[development] CCK in Drupal 6

adrian rossouw adrian at bryght.com
Tue Feb 6 12:47:16 UTC 2007

CCK exists of the following things for me :

1. Field Types
2. widgets and formatters
3. Data model - consisting of the field types.
4. Query builder - crud functions. - generates query from data model.
5. Configuration interface - builds data model

I believe that we should integrate 1-3 into the forms api (and indeed  
create the data api that way).

All the field types that cck has, (ie: integers, floats, etc) have  
validations already. Which is already
much much stronger than what we have currently (using textfields for  
everything. pfft).

Form elements as we have them now, are essentially widgets as CCK has  
them. Every field type
has a default widget it uses. This is an extra (optional) property of  
the form array.

So everywhere we have
$form['title'] = array('#type' => 'textfield');
we will then have :
$form['title'] = array('#type' => 'text');

I don't believe we should make a differentiation for widgets /  
formatters. They are just input/display widgets.
All field types, have a default widget for editing, and for display.  
These can be overridden in the fapi array.

I see that as a first phase, which would bring all the field type /  
widget code into core.. and all forms will re-use the same
code. Including profiles.

Second phase : data model.
As I specified in my data model presentation at the last DrupalCon,  
we have a data model currently, it's
just hidden in the form array structure.

We use an incredible amount of complex logic to try and determine the  
data model from the form array.

Just about all the complexity in form_builder comes from this process.

CCK does this the right way around, it creates a data model (by  
defining the fields) and then converts the data model
into a form / display. For consistency, we should then look at making  
all forms use the same mechanism.

This will _greatly_ simplify the amount of twiddling we need to do in  

The form / view is actually a superstructure built on top of the data  
model, with added display  / form specific properties added.

In my example, they took the form of a data model function, which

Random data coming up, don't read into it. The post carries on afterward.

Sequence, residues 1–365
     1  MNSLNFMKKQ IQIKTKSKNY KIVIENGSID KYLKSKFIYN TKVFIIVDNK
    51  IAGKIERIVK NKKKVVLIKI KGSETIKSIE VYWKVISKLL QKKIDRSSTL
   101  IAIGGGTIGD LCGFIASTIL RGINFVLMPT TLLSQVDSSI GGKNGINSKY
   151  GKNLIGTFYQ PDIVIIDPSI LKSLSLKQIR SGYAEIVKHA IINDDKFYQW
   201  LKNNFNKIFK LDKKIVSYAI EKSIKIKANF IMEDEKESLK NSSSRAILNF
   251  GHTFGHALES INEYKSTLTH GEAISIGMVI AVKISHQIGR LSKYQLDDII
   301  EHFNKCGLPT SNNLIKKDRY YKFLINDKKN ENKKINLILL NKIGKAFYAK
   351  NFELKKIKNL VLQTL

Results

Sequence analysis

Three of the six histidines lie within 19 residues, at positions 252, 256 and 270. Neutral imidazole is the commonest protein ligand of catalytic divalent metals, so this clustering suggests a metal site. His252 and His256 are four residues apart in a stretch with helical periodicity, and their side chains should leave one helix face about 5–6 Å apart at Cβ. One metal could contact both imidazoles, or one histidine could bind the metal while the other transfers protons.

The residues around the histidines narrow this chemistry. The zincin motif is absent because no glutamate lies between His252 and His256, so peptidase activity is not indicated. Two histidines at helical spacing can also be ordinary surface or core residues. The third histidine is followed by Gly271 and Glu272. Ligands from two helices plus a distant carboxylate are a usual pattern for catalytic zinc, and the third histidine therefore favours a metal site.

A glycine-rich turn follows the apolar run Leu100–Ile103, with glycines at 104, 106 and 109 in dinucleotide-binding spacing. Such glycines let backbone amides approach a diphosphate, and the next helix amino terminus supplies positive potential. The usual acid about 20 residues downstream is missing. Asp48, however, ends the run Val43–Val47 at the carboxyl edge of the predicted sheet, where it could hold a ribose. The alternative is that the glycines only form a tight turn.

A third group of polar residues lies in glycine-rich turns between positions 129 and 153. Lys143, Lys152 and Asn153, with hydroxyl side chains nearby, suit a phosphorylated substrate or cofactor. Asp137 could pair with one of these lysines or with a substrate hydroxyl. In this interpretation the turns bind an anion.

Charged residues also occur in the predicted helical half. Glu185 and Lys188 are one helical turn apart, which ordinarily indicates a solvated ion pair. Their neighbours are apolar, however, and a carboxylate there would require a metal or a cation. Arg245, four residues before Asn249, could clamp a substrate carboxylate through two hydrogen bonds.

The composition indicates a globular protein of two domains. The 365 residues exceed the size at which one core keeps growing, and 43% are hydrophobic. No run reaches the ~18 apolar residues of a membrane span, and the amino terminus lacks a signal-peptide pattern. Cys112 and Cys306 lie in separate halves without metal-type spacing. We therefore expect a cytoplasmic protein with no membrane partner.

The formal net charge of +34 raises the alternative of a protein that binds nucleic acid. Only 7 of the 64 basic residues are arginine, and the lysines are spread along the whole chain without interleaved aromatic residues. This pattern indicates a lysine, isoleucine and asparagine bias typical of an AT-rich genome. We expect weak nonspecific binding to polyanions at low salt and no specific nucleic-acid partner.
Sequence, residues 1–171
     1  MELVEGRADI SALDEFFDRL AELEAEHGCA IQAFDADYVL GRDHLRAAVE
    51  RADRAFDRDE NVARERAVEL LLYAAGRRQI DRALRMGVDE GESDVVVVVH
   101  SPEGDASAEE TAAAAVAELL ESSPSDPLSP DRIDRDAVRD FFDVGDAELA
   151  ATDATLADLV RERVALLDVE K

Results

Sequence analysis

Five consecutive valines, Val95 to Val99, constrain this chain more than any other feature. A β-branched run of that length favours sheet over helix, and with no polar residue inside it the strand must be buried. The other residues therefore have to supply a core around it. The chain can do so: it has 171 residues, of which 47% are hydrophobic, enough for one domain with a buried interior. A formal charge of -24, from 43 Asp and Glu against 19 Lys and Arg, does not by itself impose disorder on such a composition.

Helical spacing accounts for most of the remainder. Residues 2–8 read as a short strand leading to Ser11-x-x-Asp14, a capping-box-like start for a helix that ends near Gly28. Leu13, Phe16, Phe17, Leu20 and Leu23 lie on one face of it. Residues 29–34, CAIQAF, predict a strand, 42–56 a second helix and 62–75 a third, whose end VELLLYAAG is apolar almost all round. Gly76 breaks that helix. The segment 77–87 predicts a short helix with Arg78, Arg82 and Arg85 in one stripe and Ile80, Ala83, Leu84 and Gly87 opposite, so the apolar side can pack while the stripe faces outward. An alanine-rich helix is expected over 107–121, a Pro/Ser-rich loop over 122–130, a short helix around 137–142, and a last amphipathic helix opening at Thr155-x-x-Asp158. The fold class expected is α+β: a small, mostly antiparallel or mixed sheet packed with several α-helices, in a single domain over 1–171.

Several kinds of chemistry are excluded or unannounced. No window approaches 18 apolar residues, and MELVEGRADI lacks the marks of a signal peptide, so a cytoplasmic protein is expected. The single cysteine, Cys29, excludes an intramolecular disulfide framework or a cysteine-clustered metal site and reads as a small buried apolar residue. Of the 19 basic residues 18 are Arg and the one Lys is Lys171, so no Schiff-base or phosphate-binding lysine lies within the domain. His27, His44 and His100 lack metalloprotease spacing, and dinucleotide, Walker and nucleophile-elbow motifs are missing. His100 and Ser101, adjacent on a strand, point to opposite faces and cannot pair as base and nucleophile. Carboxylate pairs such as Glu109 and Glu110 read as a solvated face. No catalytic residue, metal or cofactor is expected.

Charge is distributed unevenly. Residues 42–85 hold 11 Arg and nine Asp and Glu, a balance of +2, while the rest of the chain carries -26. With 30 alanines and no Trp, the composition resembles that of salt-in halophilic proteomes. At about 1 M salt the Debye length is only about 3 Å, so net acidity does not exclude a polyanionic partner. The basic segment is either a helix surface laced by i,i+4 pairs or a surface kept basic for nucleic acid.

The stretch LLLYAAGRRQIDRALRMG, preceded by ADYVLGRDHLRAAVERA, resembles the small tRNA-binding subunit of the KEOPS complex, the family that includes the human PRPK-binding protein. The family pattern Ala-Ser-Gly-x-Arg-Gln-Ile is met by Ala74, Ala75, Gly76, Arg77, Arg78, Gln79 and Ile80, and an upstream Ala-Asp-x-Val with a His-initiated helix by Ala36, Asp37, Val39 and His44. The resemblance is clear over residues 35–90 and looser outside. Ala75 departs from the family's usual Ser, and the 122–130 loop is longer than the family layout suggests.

defines only the fields:

function model_objecttype() {
     // these constructor functions return arrays with all the  
default values for that type already populated.
     // this improves cacheability, in that all the array merging is  
done in the first step, not recursively called on everything.
     // it also lessens the amount of code needed, and imo improves  

     $model['id'] = drupal_field('id'); // defaults to edit_widget =>  
     $model['title'] = drupal_field('title'); // Additional default  
field lengths , and defaults to a textfield.
     $model['body'] = drupal_field('body');
     return $model;

This can then be turned into a view / form :

function form_objecttype($model) {
    $form['id'] = drupal_widget($model['id']);
    $form['fieldset'] = drupal_widget('fieldset', array('title' =>  
'something') );
    $form['fieldset']['title'] = drupal_widget($model['title'], array 
('widget' => 'textarea') );
    $form['fieldset']['body'] = drupal_widget($model['body'], array 
('widget' => 'textfield'));

    return $form;

By just automatically recurring through the model data structure, we  
can change it into a form without even needing
to have a separate function (the same way we can do drupal_render  
without needing to specify a theme function).

Other things that will get added into the display, is stuff like tables.

At this point, we have got the Data API as i mentioned created. After  
this we can look at making the CRUD functions
(which imo shouild be standardised into save_objecttype,  
create_objecttype, delete_objecttype, load_objecttype)
work with a query builder, as it does for cck.

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